However, as the President declared in Jaffna, if pursuant to the consolations and discussions with the relevant stakeholders if it is felt that the proposed commission should have prosecutorial and/or judicial powers or in the alternative, a special court should be established for such purpose, then provisions can be introduced to the current draft of the law before it is presented to the Parliament, the official said.

Pointing out that the current draft of the proposed law had been initially developed over a period of time immensely aided by more than 7000 consultations conducted by the Consultations Task Force on Reconciliation Mechanisms (CTFRM) that was headed by the late Manouri Muttetuwegama. The CTFRM’s final report was presented in Nov 2016.

Since the establishment of the ISTRM in September 2023, under Dr. Gunawansa’s leadership the outfit has carried out approximately 65 consultations with the stakeholders and organized three discussion forums to engage with the interested parties to seek their views on the draft bill and the need for establishing a credible truth-seeking mechanism. ISTRM in line with its overall strategy has given a series of interviews to present the key features of the draft bill to the public.

Commenting on President Wickremesinghe declaration that the issues at hand were complex therefore demanded collective cooperation and engagement from all stakeholders and he discussed this matter with the members of Parliament from the North and the East, Dr. Gunawansa said that establishment of a system of transitional justice focusing inter alia on reconciliation and non-recurrence of violence required consensus amongst all stakeholders.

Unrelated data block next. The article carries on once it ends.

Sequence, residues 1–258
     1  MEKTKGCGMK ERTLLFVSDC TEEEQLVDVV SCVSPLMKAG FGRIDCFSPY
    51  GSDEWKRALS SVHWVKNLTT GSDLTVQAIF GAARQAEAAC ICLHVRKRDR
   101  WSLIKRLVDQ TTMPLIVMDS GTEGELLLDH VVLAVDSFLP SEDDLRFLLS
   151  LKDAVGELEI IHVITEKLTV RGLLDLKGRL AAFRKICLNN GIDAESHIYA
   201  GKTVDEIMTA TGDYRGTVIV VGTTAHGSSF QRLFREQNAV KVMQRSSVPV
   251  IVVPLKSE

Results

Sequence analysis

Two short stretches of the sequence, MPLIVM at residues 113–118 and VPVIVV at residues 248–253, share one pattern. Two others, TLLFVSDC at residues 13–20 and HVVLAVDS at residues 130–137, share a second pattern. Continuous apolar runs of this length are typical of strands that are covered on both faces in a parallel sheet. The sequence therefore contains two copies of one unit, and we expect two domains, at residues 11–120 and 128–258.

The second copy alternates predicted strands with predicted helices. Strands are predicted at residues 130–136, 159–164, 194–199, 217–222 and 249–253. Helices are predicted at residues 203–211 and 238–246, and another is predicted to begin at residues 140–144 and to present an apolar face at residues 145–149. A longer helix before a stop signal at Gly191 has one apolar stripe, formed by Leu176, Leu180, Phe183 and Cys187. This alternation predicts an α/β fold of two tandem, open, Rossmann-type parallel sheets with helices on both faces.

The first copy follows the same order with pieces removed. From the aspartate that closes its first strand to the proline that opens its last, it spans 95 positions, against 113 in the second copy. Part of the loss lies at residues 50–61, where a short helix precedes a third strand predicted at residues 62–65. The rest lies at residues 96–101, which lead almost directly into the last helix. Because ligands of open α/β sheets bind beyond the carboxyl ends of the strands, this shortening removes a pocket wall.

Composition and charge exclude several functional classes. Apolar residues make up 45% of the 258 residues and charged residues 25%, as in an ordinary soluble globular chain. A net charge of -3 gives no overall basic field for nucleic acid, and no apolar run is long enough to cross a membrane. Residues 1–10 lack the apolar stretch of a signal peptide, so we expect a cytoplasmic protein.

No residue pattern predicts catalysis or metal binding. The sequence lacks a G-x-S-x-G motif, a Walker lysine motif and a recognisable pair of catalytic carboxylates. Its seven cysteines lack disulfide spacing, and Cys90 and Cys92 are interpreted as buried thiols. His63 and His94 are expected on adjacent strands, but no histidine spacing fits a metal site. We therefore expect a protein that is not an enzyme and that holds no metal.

The armed forces brought the war to a successful conclusion in May 2009.

Dr. Gunawansa said; The ethnic issue and the related violence and civil war like situation that prevailed in the island during the period 1983 to 2009 has several root causes that needs careful consideration and they need to be addressed by implementing measures acceptable to all stakeholders. Even though we feel that there is peace in the island, especially in the north and the East since 2009, there are victims of violence and war from all races and ethnicities of our country spread out all over the island and these victims have continuing grievances which need to be addressed.

 “It is in order to address the aforesaid concerns that the Cabinet under the guidance of the President has decided to present a law to establish a Commission for Truth, Unity and Reconciliation in Sri Lanka, to the Parliament for consideration and approval by the Parliament.  This law is currently ready as a concept paper and has been Gazetted in all three languages to bring it into public domain so that all relevant stakeholders, including victims, civil society organisations, and politicians could examine it, comment on it and make suggestions.”

Referring to President Wickremesinghe reference to economic hardships and the failure on the part of successive governments to allocate required funds for the post-war reconciliation process, Dr. Gunawansa said in spite of difficulties the government established ISTRM to lay the foundation for setting up the CTUR, subject to the proposed law being approved by the Parliament.Dr. Gunawansa appreciated the support extended by President Wickremesinghe, Foreign Minister Ali Sabry, PC, and Justice Minister Dr. Wijeyadasa Rajapakshe, PC.